NORTH ANDOVER — Kathleen Lyons Stagno grew up with Stevens Pond.
Back in the 1980s, she often swam in the pond and ended up working there as a lifeguard.
“It’s been such a fixture,” said Stagno, who was among at least a couple of dozen residents who attended last night’s informational meeting at Town Hall on how to keep cyanobacteria out of the pond.
“Nobody will ever let it die,” added Stagno. She was accompanied by her 2-1/2-month-old daughter, Molly — who will likely be headed for the pond this summer if the town can win the war against cyanobacteria, also known as blue/green algae.
The pond, located near the lower end of Lake Cochichewick, the town’s drinking water supply, was closed to swimmers for most of last summer when large blooms of cyanobacteria appeared. Exposure to these microorganisms can cause humans to suffer rashes.
Keith Gazaille and Erika Haug, biologists with Aquatic Control Technology, a firm that advises the town on water quality, said the cyanobacteria can be driven away by several measures, including:
The application of chemicals, such as copper and aluminum sulfate, commonly known as alum;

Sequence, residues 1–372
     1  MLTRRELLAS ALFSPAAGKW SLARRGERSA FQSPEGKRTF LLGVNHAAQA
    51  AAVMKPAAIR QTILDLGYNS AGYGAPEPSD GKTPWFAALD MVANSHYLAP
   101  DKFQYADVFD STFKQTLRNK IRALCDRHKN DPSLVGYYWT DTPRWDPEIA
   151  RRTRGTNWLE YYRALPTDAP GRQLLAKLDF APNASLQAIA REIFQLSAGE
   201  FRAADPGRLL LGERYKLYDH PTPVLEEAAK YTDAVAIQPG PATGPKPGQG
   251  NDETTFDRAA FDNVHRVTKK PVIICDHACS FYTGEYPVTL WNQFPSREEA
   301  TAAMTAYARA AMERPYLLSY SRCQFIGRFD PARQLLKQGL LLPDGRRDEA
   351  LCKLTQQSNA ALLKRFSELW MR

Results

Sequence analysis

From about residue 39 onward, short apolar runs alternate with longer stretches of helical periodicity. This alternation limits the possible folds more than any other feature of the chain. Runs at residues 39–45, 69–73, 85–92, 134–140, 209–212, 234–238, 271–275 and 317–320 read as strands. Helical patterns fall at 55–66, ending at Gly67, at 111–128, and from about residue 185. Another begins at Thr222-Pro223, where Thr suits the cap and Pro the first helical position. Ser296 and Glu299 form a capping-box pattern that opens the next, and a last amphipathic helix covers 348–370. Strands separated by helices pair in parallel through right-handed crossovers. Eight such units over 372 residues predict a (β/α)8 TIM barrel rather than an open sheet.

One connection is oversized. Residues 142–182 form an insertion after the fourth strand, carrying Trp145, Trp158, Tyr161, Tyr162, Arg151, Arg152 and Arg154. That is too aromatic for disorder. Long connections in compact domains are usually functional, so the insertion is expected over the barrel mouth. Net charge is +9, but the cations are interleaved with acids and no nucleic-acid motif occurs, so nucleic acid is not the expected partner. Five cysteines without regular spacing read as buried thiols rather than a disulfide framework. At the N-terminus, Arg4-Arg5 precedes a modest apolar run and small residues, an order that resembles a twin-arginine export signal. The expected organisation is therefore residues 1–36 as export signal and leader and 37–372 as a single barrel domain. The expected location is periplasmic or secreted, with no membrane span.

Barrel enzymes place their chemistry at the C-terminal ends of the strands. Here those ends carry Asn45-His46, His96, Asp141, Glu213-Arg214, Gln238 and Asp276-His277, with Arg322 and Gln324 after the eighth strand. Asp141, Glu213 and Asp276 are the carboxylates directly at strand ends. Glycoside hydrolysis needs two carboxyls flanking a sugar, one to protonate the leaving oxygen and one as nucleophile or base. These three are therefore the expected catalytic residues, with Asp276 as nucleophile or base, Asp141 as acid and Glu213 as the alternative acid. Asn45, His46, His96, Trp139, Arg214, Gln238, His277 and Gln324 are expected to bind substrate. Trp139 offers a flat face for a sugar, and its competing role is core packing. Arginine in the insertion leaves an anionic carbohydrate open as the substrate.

flushing the pond;
use of ultrasonic frequencies, which disrupt the cell structure of cyanobacteria;
placing barley straw into the water, the decomposition of which releases a substance that helps get rid of cyanobacteria.
Haug said the survey of the pond she and Gazaille did Oct. 4 showed a higher than normal presence of phosphorus, which encourages the growth of cyanobacteria. Gazaille said a low dose of alum can reduce the level of phosphorus in a pond or lake.
Aquatic Control Technology achieved success with this method at a pond in Pembroke, he said.
Blake Martin, an engineer with Weston & Sampson, which did a hydraulic analysis of the pond, recommended against flushing.